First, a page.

How to Respond to Pain and Suffering

How to Respond to Pain and Suffering

How do you respond when someone is in pain, when someone is suffering?

I think most of us feel inadequate to the task.

Most people haven’t been trained to respond to such situations.

And even those few of us who have been trained, still often feel that what we have to offer isn’t enough to truly help the other person.

Years ago, when I was working towards a Ph.D. in counseling psychology (never completed), I faced two such situations that I remember.

I want to share these stories with you as a way of talking through how we might respond to someone else’s pain.

When Life Throws You a Bunch of Crap at Once

I don’t remember his name. Or his face. Or his voice. Or his clothes. Or really anything about him.

Except his story. Even all these years later, I still remember his story.

When I met him, I was doing a psychology internship in a community mental health clinic in Wichita, Kansas.

He was assigned to me as a client. I only saw him once. After that one session, he didn’t return to therapy.

Perhaps I was too young to help him, only 25 years old at the time.

Perhaps no one could have helped him, given what he had been through.

Here’s what I remember, even two decades later. In the six months prior to our session, the following three things happened to him:

  • His dog died
  • His wife left him
  • His house burnt down

He was in pain, he was suffering. And understandably so in my opinion.

I don’t remember exactly what happened during our session.

I’m sure I tried to be compassionate, tried to be empathetic.

And I probably asked lots of questions.

Those were things that I had been trained to do.

But I’m sure my responses were inadequate to his level of pain.

How Can You Respond to Someone’s Pain and Suffering?

What do you say to someone in that situation? How can anyone possibly help someone who’s dealing with so much, all at once?

I don’t know. I honestly don’t know. Even two decades later I’m not sure.

I generally believe that happiness is a choice.

But let’s be honest.

Some life circumstances are more conducive to happiness than others.

It’s easy to be an outsider and say that pain is part of life but that suffering is optional.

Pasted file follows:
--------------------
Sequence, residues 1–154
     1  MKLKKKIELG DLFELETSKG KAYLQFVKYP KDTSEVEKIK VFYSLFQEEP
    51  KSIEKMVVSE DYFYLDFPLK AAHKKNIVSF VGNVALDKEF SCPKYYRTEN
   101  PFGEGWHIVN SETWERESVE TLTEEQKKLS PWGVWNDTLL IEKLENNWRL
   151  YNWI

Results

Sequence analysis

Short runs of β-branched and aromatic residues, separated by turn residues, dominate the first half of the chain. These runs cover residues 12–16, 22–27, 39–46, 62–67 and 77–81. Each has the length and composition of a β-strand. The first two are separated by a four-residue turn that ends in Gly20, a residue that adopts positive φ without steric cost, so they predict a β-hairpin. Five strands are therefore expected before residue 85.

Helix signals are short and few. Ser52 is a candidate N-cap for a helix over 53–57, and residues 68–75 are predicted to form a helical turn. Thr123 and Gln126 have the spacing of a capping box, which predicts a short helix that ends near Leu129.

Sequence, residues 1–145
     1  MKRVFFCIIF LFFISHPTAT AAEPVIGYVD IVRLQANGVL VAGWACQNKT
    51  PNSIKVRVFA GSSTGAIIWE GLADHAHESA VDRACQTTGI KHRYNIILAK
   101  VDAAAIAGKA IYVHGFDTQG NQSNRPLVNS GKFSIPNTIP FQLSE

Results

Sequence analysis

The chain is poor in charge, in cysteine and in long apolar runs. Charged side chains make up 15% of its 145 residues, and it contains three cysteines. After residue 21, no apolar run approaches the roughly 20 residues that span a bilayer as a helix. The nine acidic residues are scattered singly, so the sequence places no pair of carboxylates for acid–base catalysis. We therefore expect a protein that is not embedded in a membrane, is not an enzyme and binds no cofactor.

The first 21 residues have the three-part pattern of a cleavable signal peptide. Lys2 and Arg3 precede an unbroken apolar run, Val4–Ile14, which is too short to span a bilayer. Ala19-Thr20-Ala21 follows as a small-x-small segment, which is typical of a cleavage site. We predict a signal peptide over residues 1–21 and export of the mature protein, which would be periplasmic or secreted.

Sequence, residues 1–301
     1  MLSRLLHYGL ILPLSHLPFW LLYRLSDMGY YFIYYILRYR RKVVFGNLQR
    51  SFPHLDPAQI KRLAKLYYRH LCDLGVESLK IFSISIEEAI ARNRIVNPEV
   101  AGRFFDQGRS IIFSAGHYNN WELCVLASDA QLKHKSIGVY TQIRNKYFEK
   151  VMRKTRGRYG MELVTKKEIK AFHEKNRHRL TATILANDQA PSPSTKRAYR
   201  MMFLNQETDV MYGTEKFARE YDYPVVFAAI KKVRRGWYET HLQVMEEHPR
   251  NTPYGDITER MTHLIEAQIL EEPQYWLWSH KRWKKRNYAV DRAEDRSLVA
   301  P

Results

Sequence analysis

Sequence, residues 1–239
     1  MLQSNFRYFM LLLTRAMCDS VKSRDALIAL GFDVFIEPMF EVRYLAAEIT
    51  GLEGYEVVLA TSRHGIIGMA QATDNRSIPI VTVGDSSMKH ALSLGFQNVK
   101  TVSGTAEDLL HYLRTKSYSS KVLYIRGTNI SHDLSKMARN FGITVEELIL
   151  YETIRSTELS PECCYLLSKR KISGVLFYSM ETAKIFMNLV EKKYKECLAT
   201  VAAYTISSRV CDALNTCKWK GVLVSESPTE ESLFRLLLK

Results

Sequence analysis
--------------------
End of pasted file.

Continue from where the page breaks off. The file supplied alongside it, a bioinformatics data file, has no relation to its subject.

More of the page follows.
It’s easy to say that there are people who are far worse off.

That what my client was going through wasn’t that bad.

That everyday there are people throughout the world suffering from circumstances far worse than what my client was experiencing.

It’s easy to say that no matter how bad life gets, all we need to do is look for things to be grateful for.

It’s easy to say those things when it’s not our life, when it’s not our pain, not our suffering.

But in the end, those are simply empty platitudes to someone who’s in pain.

When someone’s stuck in their story, trying to comfort them by offering empty platitudes doesn’t work.

And compassion only goes so far.

How To Respond to Pain and Suffering

Now let me tell you about another client of mine, someone I saw a few months later.

This was a client I had seen several times before.

When he came in this particular day, he was distraught.

He had run into his ex-wife earlier in the day.

Following an argument between them she threatened to cut him off from contact with their daughter. Forever.

He certainly believed that she could and would follow through on her threat.

Faced with the idea of never seeing his daughter again, he was in raw, emotional pain.

I was once again faced with a client who was suffering, who was upset, who was in deep pain.

If you were to hear a recording of that session, you’d notice something unusual.

There are lots of pauses in the conversation. Lots of gaps, that sometimes go on for several minutes at a time.

Unsure how to respond, and unable to fix or change the situation, I took a risk.

Instead of trying to respond to his pain, I just “let it be”.

I gave him space.

I gave him space to say what he needed to say, to experience what he needed to experience. To process his thoughts, to process his feelings.

I mostly kept silent. When I had something useful to say, I interjected.

But otherwise, I waited patiently, as he processed what he was going through.

Why Silence Matters

When someone is in emotional pain, we often want to rush in and rescue them.

We offer them some sort of solution, tell them how they should handle the situation.

But that’s not what they need at that moment.

And offering a solution can make the person feel unheard, make them feel that their experience doesn’t matter.

Other times we try to comfort them, as I tried to do with my client who had lost his dog, his house, and his wife.

There’s nothing wrong with comforting someone per se.

But often we comfort others through a “poor you” perspective in which the other person is viewed as a helpful victim, rather than a potentially courageous hero of their own life story.

Often what someone in pain needs is just to be with another person. And to hear their own voice, to talk through what they’re experiencing.

Sometimes that’s the best we can offer another person. Our presence. The understanding that they’re not alone.

When we offer someone silence, we’re creating a sacred space.

A space in which they feel safe to face and their pain, face their suffering.

And we can be right by their side, silent, helping them heal and move forward.

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